Convergent evolution

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Convergent evolution is the independent

are analogous structures, but their forelimbs are homologous, sharing an ancestral state despite serving different functions.

The opposite of convergence is divergent evolution, where related species evolve different traits. Convergent evolution is similar to parallel evolution, which occurs when two independent species evolve in the same direction and thus independently acquire similar characteristics; for instance, gliding frogs have evolved in parallel from multiple types of tree frog.

Many instances of convergent evolution are known in

C4 photosynthesis, seed dispersal by fleshy fruits adapted to be eaten by animals, and carnivory


In morphology, analogous traits arise when different species live in similar ways and/or a similar environment, and so face the same environmental factors. When occupying similar ecological niches (that is, a distinctive way of life) similar problems can lead to similar solutions.[1][2][3] The British anatomist Richard Owen was the first to identify the fundamental difference between analogies and homologies.[4]

In biochemistry, physical and chemical constraints on

enzyme superfamilies.[5]

In his 1989 book



In cladistics, a homoplasy is a trait shared by two or more

phylogeny. Homoplastic traits caused by convergence are therefore, from the point of view of cladistics, confounding factors which could lead to an incorrect analysis.[8][9][10][11]


In some cases, it is difficult to tell whether a trait has been lost and then re-evolved convergently, or whether a gene has simply been switched off and then re-enabled later. Such a re-emerged trait is called an atavism. From a mathematical standpoint, an unused gene (selectively neutral) has a steadily decreasing probability of retaining potential functionality over time. The time scale of this process varies greatly in different phylogenies; in mammals and birds, there is a reasonable probability of remaining in the genome in a potentially functional state for around 6 million years.[12]

Parallel vs. convergent evolution

Evolution at an amino acid position. In each case, the left-hand species changes from having alanine (A) at a specific position in a protein in a hypothetical ancestor, and now has serine (S) there. The right-hand species may undergo divergent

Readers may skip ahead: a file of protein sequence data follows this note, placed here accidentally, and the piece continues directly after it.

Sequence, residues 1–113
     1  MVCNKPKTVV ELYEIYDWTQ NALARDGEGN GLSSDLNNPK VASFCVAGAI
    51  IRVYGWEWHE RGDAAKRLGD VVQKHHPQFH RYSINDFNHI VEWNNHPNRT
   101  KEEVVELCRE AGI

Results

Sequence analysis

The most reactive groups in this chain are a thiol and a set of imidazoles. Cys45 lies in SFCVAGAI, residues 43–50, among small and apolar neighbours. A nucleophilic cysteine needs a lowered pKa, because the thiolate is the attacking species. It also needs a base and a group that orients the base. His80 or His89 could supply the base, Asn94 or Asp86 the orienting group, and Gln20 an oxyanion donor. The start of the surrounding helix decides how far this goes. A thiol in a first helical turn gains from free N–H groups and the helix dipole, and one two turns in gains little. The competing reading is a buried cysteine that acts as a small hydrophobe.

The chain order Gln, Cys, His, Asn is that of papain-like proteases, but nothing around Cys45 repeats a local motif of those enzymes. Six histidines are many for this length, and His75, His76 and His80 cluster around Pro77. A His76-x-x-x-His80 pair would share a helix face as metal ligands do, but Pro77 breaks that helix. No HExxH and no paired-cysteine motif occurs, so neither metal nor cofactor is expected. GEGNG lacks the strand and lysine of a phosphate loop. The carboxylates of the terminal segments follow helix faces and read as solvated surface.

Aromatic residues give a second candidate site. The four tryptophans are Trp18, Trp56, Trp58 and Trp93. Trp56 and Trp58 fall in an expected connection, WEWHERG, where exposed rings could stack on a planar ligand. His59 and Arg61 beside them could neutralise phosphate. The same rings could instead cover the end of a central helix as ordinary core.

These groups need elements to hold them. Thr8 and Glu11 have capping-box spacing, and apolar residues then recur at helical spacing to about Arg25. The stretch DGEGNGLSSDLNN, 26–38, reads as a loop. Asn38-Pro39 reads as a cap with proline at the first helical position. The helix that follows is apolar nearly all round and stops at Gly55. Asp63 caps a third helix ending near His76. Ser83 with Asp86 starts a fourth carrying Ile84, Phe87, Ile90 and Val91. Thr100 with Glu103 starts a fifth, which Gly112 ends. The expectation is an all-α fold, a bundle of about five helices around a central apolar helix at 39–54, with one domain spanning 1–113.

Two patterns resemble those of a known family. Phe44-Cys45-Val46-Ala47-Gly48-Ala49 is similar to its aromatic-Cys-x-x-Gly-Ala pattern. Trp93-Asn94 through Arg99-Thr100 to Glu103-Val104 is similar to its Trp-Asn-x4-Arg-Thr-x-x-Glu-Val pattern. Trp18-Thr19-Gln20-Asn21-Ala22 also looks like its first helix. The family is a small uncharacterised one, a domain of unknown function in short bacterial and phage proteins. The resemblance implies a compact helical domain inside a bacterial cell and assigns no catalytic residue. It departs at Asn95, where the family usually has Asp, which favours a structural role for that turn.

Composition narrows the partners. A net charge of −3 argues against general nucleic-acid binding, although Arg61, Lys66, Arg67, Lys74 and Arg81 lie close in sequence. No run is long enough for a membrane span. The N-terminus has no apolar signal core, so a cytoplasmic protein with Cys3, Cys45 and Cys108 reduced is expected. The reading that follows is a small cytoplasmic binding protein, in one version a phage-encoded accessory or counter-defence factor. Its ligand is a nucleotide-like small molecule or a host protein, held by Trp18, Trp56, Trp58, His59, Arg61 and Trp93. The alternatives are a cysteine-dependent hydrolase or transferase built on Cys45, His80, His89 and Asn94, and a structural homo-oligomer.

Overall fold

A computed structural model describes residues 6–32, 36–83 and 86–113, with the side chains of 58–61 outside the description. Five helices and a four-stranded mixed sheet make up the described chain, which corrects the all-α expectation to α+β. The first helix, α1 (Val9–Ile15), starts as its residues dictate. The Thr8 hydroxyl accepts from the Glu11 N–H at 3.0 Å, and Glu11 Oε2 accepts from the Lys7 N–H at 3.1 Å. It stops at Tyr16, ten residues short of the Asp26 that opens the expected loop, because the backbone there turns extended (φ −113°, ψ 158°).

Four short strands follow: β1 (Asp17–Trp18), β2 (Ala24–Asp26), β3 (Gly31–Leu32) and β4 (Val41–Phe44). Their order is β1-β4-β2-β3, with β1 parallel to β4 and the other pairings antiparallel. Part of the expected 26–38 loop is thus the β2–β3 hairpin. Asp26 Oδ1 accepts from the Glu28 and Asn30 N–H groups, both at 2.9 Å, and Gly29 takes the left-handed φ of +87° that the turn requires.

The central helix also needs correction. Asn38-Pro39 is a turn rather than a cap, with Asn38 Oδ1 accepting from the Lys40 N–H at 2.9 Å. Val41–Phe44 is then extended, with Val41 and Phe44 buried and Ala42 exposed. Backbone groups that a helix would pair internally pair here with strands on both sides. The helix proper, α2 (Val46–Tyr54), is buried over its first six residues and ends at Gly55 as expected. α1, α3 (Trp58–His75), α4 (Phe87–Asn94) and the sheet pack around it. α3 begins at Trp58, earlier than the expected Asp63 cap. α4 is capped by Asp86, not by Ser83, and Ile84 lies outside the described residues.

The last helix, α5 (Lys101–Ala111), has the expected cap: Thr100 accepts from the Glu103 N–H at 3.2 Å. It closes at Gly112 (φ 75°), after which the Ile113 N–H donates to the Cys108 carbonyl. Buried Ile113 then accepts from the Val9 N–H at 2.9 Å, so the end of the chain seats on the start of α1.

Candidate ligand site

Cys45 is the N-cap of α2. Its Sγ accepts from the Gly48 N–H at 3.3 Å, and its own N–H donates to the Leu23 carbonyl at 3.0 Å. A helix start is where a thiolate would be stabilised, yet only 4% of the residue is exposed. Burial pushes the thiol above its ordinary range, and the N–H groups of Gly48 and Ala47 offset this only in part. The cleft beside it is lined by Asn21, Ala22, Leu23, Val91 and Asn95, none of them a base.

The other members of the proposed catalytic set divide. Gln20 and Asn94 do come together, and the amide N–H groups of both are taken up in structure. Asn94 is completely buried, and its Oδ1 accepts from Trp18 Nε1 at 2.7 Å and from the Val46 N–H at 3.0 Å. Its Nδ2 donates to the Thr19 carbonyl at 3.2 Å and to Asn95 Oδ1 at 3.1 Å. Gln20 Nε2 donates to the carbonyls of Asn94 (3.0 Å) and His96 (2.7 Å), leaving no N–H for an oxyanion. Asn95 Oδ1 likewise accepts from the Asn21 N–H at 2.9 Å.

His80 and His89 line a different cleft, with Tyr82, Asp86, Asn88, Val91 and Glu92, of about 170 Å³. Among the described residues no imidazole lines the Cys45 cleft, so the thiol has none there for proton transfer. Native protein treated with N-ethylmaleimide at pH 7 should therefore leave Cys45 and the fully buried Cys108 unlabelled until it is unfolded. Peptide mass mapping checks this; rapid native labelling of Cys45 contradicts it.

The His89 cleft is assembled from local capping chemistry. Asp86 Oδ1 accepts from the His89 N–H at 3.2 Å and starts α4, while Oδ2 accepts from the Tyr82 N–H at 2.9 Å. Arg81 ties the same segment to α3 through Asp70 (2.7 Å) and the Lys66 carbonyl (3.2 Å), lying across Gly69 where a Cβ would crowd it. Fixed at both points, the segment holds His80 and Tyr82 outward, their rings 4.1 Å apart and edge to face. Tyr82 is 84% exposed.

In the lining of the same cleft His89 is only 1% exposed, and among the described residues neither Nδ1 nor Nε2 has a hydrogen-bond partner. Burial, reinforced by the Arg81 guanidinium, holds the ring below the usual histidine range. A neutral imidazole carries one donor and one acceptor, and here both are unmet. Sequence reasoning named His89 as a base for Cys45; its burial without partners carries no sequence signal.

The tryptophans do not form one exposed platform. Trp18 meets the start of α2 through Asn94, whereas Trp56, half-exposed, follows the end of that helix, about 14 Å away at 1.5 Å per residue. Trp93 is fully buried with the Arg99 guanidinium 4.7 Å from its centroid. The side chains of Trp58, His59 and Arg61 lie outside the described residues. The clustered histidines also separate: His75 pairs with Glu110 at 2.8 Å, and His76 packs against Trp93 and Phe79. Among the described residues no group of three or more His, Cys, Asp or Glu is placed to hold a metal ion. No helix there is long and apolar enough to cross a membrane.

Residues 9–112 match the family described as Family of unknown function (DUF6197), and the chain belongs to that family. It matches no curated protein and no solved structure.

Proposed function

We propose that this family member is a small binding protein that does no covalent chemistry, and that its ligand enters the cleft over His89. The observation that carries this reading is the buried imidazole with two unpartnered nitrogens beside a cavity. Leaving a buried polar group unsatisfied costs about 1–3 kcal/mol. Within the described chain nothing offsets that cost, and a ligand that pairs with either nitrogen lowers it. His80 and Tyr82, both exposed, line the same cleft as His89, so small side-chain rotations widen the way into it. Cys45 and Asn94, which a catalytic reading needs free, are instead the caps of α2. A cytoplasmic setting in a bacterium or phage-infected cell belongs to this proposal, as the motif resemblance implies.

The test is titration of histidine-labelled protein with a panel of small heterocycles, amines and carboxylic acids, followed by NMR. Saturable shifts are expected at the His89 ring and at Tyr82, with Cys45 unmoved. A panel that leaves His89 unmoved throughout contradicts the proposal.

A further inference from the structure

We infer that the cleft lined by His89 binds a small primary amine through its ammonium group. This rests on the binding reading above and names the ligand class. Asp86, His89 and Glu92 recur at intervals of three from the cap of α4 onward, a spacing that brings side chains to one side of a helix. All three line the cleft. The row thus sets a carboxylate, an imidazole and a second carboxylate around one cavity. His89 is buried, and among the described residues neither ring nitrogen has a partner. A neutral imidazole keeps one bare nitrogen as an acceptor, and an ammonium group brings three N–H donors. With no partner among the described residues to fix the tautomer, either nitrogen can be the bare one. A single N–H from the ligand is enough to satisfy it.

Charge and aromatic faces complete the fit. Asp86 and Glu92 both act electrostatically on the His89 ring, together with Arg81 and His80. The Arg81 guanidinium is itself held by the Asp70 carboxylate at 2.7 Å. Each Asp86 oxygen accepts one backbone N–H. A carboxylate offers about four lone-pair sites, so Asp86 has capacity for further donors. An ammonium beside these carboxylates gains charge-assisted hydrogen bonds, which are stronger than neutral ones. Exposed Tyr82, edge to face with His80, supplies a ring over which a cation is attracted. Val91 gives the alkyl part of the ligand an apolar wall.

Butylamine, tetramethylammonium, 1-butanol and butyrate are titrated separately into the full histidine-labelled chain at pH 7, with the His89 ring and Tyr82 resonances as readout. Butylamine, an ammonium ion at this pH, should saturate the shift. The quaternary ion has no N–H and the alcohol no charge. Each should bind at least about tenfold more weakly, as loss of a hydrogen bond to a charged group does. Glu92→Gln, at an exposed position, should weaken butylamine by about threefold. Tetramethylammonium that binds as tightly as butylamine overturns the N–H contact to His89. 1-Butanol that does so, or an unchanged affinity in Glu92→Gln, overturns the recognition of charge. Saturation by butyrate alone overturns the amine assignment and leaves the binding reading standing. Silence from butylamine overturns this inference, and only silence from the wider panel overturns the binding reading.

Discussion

, parallel, or convergent evolution at this amino acid position relative to the first species.

When two species are similar in a particular character, evolution is defined as parallel if the ancestors were also similar, and convergent if they were not.[b] Some scientists have argued that there is a continuum between parallel and convergent evolution,[13][14] while others maintain that despite some overlap, there are still important distinctions between the two.[15][16]

When the ancestral forms are unspecified or unknown, or the range of traits considered is not clearly specified, the distinction between parallel and convergent evolution becomes more subjective. For instance, the striking example of similar placental and marsupial forms is described by Richard Dawkins in The Blind Watchmaker as a case of convergent evolution, because mammals on each continent had a long evolutionary history prior to the extinction of the dinosaurs under which to accumulate relevant differences.[17]

At molecular level

prolyl oligopeptidase, TEV protease, and papain


Protease active sites


proteases provides some of the clearest examples of convergent evolution. These examples reflect the intrinsic chemical constraints on enzymes, leading evolution to converge on equivalent solutions independently and repeatedly.[5][18]

Serine and cysteine proteases use different amino acid functional groups (alcohol or thiol) as a

steric clashes
. Several evolutionarily independent
protein folds use the N-terminal residue as a nucleophile. This commonality of active site but difference of protein fold indicates that the active site evolved convergently in those families.[5][19]